PHOENIX (3TV/CBS 5) -- It’s been four days since the FDA approved emergency use for seniors and others at high-risk to get a third Pfizer COVID vaccine dose.
Right now, eligible Arizonans like teachers, frontline health care workers, people who work in shelters or prisons, grocery store workers should be able to get that third Pfizer booster shot at local pharmacies and doctors’ offices.
Over the weekend, a local practice in Peoria reported giving the extra Pfizer booster to 200 people as of Friday.
Don Herrington, Arizona State Health Department interim director wants Arizonans to “Rest assured there is plenty of Pfizer vaccine in Arizona to accommodate not just those needing booster doses but those who need their first doses.”
When going online to make a COVID vaccine appointment, CVS has an option to choose “I need to schedule an extra dose.”
Walgreens has a similar option by having users answer the question “What type of vaccine is needed today?” and “COVID-19 additional dose or booster” is an option to click.
The emergency use authorization, granted last week, for the third Pfizer booster shot is recommended for those 65 and older who’ve had their second Pfizer shot at least six months ago. However, there are some younger age exceptions like people with a high risk of developing severe COVID-19 symptoms and people who are frequently exposed to COVID in a work setting. The extra dose is not authorized for kids younger than 18 years old.
Frank LoVecchio, D.O. for Valleywise Health’s emergency care sees COVID cases come into emergency room daily. To protect himself, staff, and patients, LoVecchio received his third dose of Pfizer last week.
“As of today, if you want to follow the FDA’s recommendation, wait. However, smaller studies show mixing and matching is even more efficacious than staying with the same MRNA vaccine. Getting Pfizer and Moderna together is like hitting the virus from two different sides. Studies show that if you got the J & J vaccine and a booster with Pfizer that you’re antibodies go even higher. However studies need to be made to see if it translates to decreasing deaths and hospitalizations.”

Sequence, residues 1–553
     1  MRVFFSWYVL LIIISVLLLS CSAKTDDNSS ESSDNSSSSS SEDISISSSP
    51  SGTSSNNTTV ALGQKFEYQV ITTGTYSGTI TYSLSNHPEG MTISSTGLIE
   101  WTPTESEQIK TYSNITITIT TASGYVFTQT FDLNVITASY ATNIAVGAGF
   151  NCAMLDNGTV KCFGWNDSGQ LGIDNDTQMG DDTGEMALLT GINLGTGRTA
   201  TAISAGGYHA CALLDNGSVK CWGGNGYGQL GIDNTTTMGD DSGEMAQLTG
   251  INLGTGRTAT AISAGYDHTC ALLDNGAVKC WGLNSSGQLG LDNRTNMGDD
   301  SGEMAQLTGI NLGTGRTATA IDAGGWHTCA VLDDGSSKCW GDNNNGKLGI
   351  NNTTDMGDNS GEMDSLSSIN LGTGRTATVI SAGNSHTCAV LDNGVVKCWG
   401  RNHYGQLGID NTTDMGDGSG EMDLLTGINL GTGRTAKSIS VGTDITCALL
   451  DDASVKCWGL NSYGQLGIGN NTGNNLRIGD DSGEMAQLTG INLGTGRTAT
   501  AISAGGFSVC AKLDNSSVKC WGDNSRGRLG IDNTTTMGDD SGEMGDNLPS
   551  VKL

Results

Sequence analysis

He said there’s a high interest among his frontline healthcare worker colleagues to get that third dose. LoVecchio was eligible for it because he works in a high-risk COVID-19 setting. If patients didn’t initially get the Pfizer vaccine, he explains what they should consider.
“In general to patients, I say look, Pfizer is the only one that’s recommended right now. Hopefully in the next month or two, Moderna will also be recommended as a booster so if you got a Moderna shot, a Moderna second shot, you should probably wait for the Moderna one,” he explained. “As of today, if you want to follow the FDA’s recommendation, wait.”
However, so far he’s not against mixing and matching Pfizer, Moderna, or J & J if you’re in a high-risk category. “To my colleagues, I say there are small studies, less than 100 people, that if you mix the two, you can get a higher antibody response, and a higher antibody response usually means more protection. So I wouldn’t be surprised if months from now if more people were recommending mixing because they attack different sides (of the virus),” he explained.
Bottom line, he recommends if a health care provider will give you a Pfizer booster regardless if you initially got Moderna or Johnson and Johnson, go for it. He noted that more studies need to be made to see if that third Pfizer dose translates to a decrease in deaths and hospitalizations. So far, his advice doesn’t line up with what the FDA is has given emergency approval.
Right now, federal recommendations are pending if those who received the Moderna or Johnson & Johnson vaccines should get an extra booster shot too. AZDHS said anyone seeking guidance about if they should get a third booster dose at this time should contact their healthcare provider.